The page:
1. On October 27, Bianco met with the informant and told him he had two people interested in purchasing large quantities of marijuana for $750 per pound. The informant said he had 100 pounds to sell and could provide more in the future. Bianco assured the informant that his associates could purchase 100 pounds every two weeks. On November 1, Bianco, Acciardo and the informant met. Acciardo said he wanted to purchase fifty pounds that day and an additional fifty pounds for someone else the next. The informant refused to sell less than 100 pounds at a time. On November 2, Bianco, Acciardo and Feeney met the informant. Bianco said Acciardo and Feeney could purchase 300 to 400 pounds of marijuana per week. Acciardo said that he could purchase 200 pounds every two weeks. Feeney stated that he could buy 1,000 pounds of marijuana every week. Later, he said he certainly would purchase 2,000 pounds per month. On November 6, Bianco met with the informant alone and gave the informant a sample of the type and quality of marijuana that Feeney wanted to purchase.
2. Appellants assert that it is unclear whether these sentence enhancements were based on the "reasonable foreseeability" standard in U.S.S.G. § 1B1.3(a) or on a theory of coconspirator liability under Pinkerton v. United States, 328 U.S. 640, 90 L. Ed. 1489, 66 S. Ct. 1180 (1946). We need not decide whether the Pinkerton doctrine provides a proper basis for enhancing a defendant's sentence on account of a joint venturer's possession of a firearm. Compare Garcia, 909 F.2d at 1350 n. 1 (joint venturer "liability for the purpose of sentence enhancement has been dealt with explicitly in the Guidelines.") (declining to follow United States v. Otero, 890 F.2d 366 (11th Cir. 1989), which applied Pinkerton test to enhance defendant's sentence for codefendant's possession of firearm), with United States v. LaFraugh, 893 F.2d 314, 317 (11th Cir.) (although standards embodied in U.S.S.G. § 1B1.3 do not codify Pinkerton doctrine, they sufficiently approximate it so that enhancement under Pinkerton is proper) cert. denied, 496 U.S. 911, 110 L. Ed. 2d 281, 110 S. Ct. 2601 (1990); United States v. Missick, 875 F.2d 1294 (7th Cir. 1989) (sentence enhancement for firearm possession by joint venturer permissible on Pinkerton grounds). We conclude that the sentence enhancements in the instant case are entirely supportable under U.S.S.G. § 1B1.3.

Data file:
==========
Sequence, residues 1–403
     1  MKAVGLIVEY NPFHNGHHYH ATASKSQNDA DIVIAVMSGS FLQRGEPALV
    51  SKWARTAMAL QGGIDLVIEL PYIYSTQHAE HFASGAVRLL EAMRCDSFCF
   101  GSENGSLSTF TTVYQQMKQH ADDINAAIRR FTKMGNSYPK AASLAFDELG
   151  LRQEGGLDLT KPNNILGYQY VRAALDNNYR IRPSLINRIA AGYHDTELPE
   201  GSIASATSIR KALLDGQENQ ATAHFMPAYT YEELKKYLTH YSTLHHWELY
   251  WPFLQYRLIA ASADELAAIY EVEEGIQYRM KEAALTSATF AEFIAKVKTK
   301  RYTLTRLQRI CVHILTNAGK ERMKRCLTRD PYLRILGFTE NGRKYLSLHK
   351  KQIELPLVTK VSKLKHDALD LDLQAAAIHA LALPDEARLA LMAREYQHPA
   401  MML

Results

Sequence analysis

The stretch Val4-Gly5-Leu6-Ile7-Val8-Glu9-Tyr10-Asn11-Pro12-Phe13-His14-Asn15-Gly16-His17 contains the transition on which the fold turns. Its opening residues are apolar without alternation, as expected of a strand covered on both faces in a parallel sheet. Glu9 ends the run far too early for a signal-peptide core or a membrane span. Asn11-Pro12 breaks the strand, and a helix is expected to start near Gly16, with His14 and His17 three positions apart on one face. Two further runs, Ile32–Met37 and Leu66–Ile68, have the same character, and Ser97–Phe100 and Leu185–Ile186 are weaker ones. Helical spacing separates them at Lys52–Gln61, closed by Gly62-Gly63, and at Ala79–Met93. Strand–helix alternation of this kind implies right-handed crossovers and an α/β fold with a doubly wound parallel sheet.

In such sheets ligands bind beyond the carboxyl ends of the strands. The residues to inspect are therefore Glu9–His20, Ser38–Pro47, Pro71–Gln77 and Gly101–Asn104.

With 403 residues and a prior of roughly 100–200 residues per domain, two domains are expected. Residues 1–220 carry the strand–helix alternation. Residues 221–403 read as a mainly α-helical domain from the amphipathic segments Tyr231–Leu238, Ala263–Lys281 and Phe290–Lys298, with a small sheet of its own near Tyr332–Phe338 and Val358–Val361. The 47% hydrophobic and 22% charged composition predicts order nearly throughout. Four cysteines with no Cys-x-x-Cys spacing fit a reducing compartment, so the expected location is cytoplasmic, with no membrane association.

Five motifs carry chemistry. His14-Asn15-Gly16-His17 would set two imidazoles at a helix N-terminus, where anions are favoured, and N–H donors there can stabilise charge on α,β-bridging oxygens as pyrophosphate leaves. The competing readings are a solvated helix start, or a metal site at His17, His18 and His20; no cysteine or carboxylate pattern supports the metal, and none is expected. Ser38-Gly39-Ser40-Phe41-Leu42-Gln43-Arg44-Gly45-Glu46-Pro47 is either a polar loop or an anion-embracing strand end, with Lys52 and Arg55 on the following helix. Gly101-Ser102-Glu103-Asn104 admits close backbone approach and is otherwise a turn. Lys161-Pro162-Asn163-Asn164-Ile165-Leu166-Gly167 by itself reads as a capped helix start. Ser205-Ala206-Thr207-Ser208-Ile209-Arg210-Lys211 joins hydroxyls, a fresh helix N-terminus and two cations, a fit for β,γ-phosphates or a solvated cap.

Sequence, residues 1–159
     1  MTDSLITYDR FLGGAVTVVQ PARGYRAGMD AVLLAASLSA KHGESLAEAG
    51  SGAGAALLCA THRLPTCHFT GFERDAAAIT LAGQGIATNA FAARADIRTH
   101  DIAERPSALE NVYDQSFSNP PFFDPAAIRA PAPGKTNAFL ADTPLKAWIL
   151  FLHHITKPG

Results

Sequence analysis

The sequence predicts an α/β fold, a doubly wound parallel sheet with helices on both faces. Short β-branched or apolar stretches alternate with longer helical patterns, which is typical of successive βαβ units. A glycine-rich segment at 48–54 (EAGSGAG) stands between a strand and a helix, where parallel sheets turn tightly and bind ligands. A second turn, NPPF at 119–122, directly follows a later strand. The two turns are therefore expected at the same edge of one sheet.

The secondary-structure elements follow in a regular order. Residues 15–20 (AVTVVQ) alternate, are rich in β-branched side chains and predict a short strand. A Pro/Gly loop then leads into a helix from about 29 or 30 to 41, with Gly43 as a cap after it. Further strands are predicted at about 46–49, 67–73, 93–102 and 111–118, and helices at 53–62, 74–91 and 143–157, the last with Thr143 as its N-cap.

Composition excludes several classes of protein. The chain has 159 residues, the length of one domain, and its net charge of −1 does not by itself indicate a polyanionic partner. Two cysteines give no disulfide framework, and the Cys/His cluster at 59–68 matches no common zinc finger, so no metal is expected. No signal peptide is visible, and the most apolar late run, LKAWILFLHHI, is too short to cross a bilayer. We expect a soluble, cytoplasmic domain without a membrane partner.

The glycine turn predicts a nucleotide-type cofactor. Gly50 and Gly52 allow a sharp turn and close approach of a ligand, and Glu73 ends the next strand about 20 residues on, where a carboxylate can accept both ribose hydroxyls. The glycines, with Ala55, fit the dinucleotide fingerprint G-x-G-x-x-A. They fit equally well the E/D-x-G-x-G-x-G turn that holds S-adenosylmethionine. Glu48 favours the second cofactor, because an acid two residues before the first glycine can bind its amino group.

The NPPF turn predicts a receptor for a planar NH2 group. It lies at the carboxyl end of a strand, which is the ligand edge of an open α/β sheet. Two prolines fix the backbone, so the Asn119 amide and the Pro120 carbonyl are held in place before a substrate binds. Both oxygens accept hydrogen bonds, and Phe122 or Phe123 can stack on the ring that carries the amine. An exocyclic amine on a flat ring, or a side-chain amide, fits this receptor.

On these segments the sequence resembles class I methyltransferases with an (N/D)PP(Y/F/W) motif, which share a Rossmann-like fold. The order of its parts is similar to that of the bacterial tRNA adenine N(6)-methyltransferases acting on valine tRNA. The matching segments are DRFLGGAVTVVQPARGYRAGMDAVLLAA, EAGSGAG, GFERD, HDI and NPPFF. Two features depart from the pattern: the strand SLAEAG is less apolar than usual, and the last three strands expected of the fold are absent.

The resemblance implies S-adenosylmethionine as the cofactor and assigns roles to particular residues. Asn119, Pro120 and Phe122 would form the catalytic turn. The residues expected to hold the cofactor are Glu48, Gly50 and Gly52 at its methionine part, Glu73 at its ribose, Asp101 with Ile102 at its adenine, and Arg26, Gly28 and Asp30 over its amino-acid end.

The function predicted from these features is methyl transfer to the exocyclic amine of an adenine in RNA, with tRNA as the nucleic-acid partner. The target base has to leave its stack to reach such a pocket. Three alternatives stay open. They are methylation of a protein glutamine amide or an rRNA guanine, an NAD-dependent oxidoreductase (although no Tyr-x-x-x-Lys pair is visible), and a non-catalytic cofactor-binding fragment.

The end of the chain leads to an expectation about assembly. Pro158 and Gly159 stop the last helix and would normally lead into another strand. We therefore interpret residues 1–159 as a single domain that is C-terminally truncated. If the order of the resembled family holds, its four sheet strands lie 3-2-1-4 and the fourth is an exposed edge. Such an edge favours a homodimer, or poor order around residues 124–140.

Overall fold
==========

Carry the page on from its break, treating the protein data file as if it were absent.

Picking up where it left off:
3. See supra note 1.
4. Unlike guideline sentencing range departures, the sentencing court is not required to state special findings or to assign specific reasons for sentence enhancements within the guideline range. United States v. Wallace, 904 F.2d 603, 605 (11th Cir. 1990); United States v. Beaulieu, 900 F.2d 1531, 1535 (10th Cir.), cert. denied, 110 S. Ct. 3252, 111 L. Ed. 2d 762 (1990).
5. Although the district court made express reference to U.S.S.G. § 1B1.3 during only Bianco's sentencing hearing, its identical enhancement of Feeney's sentence immediately thereafter indisputably was based on the same ground.
6. Appellants call attention to Aguilera-Zapata, 901 F.2d at 1216, where the Fifth Circuit remanded for a "reasonable foreseeability" determination even though the evidence provided ample support for such a conclusion. Aguilera-Zapata is distinguishable. There the court was motivated at least in part by a concern that the sentencing court had made no reference to "reasonable foreseeability," but had instead indicated a belief that a codefendant's possession of a gun, by itself, was a sufficient basis for an enhancement of the defendant's sentence. In the instant case, the sentencing court impliedly found "reasonable foreseeability" on sufficient record evidence.